|Running the warning track at the 2011 Strike Out ALS 5K|
I love baseball almost as much as I love running. So when the two come together as they do at the Strike Out ALS 5K, it doesn’t take much convincing to get me to go. Even if I barely arrived before the race started (yeah, I completely underestimated the traffic). Even if I didn’t know what my legs would do after not running since April (it was July). Even if it was hot and humid and not letting up as day turned to night. Even if part of the course involved running two loops around the ballpark’s parking lots (some might be turned off but I was too happy to try running again to care—and this year’s course promises to be different).
Toss all of my “even ifs” aside—they happened after I was already committed to run. I was initially attracted to the race for three reasons: running with the media team (let’s just say I was sick of the injured runner label I had and owe a huge thank you to the media pull that granted me a comped entry), running around U.S. Cellular Field, and supporting the fight against ALS also known as Lou Gehrig’s Disease. It didn’t take reading Gehrig’s bio to learn about ALS, but it did make the disease’s devastation hit home as I read about this iron horse who grew weaker and weaker.
But Strike Out ALS isn’t a pity party in the least—it’s all celebration. It’s one of the Les Turner ALS Foundation’s signature events and it's in its third running. It’s a fundraiser for the organization to help with research, patient services, education and awareness, but you don’t have to fundraise beyond the registration fee to be a part. Its pre-race ceremony is so moving it’ll bring tears to your eyes—and it’s nothing more than hearing the stories of those living with ALS. It’s held on the same night as the All-Star Game--this year that's Tuesday, July 10--so participants can hang out on the concourse and in the stadium seats at U.S. Cellular to watch the All-Star Game on the big screen (grab a hot dog and it’s almost like you’re there).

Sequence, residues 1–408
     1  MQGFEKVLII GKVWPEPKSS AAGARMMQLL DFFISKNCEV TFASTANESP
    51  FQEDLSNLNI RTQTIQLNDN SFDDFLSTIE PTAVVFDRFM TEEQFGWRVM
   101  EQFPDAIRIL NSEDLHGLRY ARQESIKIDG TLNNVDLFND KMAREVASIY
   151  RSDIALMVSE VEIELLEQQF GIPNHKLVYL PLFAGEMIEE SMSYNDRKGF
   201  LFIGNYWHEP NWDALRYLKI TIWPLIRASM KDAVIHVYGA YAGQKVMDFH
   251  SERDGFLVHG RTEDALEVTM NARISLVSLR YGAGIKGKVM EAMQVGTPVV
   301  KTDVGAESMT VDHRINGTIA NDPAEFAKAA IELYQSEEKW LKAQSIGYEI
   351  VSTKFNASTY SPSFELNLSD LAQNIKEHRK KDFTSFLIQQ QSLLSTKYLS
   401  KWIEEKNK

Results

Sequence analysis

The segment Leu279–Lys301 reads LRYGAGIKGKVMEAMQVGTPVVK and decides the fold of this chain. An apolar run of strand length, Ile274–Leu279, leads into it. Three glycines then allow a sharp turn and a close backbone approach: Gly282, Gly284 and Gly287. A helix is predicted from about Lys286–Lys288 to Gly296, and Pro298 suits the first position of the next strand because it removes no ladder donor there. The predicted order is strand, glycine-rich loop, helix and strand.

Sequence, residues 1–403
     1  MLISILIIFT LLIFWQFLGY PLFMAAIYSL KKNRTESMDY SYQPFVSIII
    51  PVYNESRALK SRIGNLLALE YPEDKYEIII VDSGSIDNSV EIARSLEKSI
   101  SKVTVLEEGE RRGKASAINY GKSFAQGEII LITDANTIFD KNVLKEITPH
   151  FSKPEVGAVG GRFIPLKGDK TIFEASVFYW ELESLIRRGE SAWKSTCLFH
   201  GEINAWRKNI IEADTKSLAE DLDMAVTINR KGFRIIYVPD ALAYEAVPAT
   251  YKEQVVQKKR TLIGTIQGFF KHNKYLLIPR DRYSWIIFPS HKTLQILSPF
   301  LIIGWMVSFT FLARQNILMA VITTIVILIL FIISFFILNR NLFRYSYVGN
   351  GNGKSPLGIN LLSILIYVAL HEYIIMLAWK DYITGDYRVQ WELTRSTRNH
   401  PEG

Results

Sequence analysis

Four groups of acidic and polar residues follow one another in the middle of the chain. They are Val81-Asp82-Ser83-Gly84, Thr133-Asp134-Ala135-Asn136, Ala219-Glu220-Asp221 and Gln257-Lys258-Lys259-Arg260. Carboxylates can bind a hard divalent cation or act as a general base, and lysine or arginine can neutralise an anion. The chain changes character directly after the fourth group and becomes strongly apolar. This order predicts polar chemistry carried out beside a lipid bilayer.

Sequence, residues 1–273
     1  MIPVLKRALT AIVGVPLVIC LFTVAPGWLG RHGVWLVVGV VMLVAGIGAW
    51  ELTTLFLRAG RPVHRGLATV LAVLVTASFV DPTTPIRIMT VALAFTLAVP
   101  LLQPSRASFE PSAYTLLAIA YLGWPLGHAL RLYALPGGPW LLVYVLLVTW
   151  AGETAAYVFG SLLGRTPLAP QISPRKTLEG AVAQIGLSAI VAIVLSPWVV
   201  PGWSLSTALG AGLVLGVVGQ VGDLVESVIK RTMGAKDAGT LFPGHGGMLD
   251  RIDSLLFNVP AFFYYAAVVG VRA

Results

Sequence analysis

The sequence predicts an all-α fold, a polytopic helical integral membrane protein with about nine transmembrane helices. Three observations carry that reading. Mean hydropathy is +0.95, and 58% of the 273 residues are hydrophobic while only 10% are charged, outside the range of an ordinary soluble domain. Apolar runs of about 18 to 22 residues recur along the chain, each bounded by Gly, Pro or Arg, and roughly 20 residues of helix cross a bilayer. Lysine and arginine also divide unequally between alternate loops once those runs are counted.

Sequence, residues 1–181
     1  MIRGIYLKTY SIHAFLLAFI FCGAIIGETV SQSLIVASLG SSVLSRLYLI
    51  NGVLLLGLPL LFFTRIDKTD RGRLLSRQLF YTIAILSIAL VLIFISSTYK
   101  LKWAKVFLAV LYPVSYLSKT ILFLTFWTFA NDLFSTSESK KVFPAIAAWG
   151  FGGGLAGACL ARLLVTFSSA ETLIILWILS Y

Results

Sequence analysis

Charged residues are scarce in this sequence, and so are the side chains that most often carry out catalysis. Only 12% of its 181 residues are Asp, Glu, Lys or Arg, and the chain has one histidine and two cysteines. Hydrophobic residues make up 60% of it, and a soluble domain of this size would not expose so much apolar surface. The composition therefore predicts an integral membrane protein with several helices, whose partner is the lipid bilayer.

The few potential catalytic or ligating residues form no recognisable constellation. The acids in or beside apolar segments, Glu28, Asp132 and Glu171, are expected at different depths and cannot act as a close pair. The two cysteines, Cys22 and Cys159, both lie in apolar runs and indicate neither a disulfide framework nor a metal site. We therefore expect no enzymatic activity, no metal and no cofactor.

The only unfortunate part is that in the same way ALS kind of goes under the radar, so does this race (maybe this post will help change things?). But that's all the more reason to come out. I'll admit that I didn't know about its inaugural running until the last minute and when I did I was either in the final days of Ironman taper or the first days of its recovery to be able to participate. It was the media team that got me involved last year and helped make me a return participant. Yet two of my likes from last year--the ability to park the car 10 minutes before the race starts and not feel rushed to grab our race numbers and wiggle into the starting area, and the smaller crowd that I miss from the 5Ks that got me to love running 10-plus years ago--would likely be a race director's nightmare.
But my third like, the course, sounds even better than before. Half the time I could care less about how I run my race miles (I did weave my way through McCormick Place to experience an indoor 5K in February) as long as they happen. So I didn't even realize that our run up and down the stadium stairs for our loop around the warning track wasn't handicap accessible. But the baseball fan in me is excited for the 2012 course. This time around, runners aren't just taking a loop around the warning track at U.S. Cellular, they're finishing on it. "[It's] something that sets our race apart from every other 5K out there in Chicago," says race director Kim McIver. The stairs were eliminated: Participants will run through the tunnel that leads onto the field. And there's a track to trample inside the tunnel, courtesy of Bo Jackson.
If these aren't reasons enough to run, watch this video and it should take you over the edge. I swear it's not just me being flooded with memories from last year--and catching myself for a split-second on the screen (oh how I thought I avoided walking past the video camera). As someone may have said in the video, you're exercising your muscles for those who can't.
For more details, to register or to donate, click here.